Most everyone was already on the train who had tickets. Anna Marie had never been in an Indian train station. I knew if she were ever to have a cultural panic attack it would be at a local train station. It really is difficult to reduce to words the sensational damage you receive at such a place. The filth, grime, poverty, perversity, stench, and noise would startle even well-seasoned wanderers. The people had absolutely no concept of private space, which we Americans seemed to expect. In a grocery store or in an American airport we would expect the other person not to invade the presumed space barrier that encircled us in some mystical way. When someone came too close or bumped us they were more than likely going to get a crusty look, at the least. But in the third-world countries, especially in horribly crowded places like India, memories of private space and polite civilities served only to mock your sensitivities. You are going to get pushed, shoved, and pawed at by beggars, and people are going to knock you out of your position in the queue every time there is a chance. Putrid smells of rotting food, rancid bodies, and acidic urine will slam your olfactory portals like a 10-megaton bomb hitting an Afghanistan cave.
We were trying to push our way through the crowd to get to our designated train coach. I happened a glance at Anna Marie’s face. Her eyes were as full as moons in October, and most of the blood had drained from her already transparent Scandinavian skin. But she was stepping right along, determined to keep up. I saw her look twice at all the people crammed into the end coach cars. They were already hanging out the windows and doors, and every sardine inside the can was carrying loads of stuff being toted either to or from the market. I could tell she was thinking, “Oh, how will we, with all of our luggage, fit into this hot, sticky mess?”
We kept nearly running toward the front of the train where we had reservations in a sleeping car. You must pay a bit more for those accommodations, but the rail company limited the riders to only six in a small compartment. I knew we all could handle that. Once on board, we found our compartment just as the brakeman blew his whistle and the train started forward with a lurch. We had to run out a couple of free-loading squatters who had wanted to occupy our seats thinking that we were not going to show up at such a late call.
As I settled into my bench seat the train began to pick up speed. On the other side of the glass windows of the compartment stark reality slid along the landscape. Poverty, shanty huts with corrugated tin roofs, raw sewage running openly toward the train tracks, women in dirty but brightly colored saris, scads of naked kids playing with discarded pieces of rope, and wheels broken off from junk carts and old scooters. People, people, and millions more people. How did they exist? Where would they scavenge for their food? Had they ever taken a bath, or did the filth finally accumulate to a level where it flaked or chipped off? Did they really find solace in thinking that they would be reincarnated into something better in another 25 or 40 years? How many of them could look and read any part of the sign that said “sleeper car” on this coach? Had they ever wondered what the strange ink figures on a piece of newspaper were trying to convey, or did it even matter to them?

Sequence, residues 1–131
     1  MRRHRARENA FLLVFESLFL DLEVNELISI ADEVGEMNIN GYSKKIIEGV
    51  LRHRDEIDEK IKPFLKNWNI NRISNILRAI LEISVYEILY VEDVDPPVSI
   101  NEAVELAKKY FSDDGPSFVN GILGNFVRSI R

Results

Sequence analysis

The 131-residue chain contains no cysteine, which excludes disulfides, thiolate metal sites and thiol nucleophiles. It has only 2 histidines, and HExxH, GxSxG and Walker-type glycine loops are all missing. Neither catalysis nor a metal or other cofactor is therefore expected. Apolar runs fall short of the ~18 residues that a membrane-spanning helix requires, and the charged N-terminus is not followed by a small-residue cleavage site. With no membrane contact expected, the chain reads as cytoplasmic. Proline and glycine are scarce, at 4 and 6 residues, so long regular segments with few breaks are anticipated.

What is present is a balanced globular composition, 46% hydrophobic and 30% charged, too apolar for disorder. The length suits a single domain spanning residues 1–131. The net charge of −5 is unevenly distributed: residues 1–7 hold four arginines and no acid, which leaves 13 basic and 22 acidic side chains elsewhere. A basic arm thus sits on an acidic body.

My mind went back to the devastated villages in the earthquake and cyclone areas. Why weren’t the Hindu and Muslim “do-gooders” doing anything humanitarian to help their own countrymen? It seemed that the only effective relief and reconstruction projects were being carried out by Christian-based organizations, and that was in a country where the population was 82% Hindu and 13% Muslim.
I closed my eyes and welcomed the gentle swaying of the train coach, which seemed to rock some security and sensibility back into my soul. “Project C.U.R.E. was the right thing to do. I wanted to spend all the rest of the energy allotted to me in boasting not of wisdom or strength or wealth, but that I would know and would understand God who exercised loving kindness, justice, and righteousness. I wanted to delight in those things just as he does.”
Next Week: The wonderful Rotary folks of Gujarat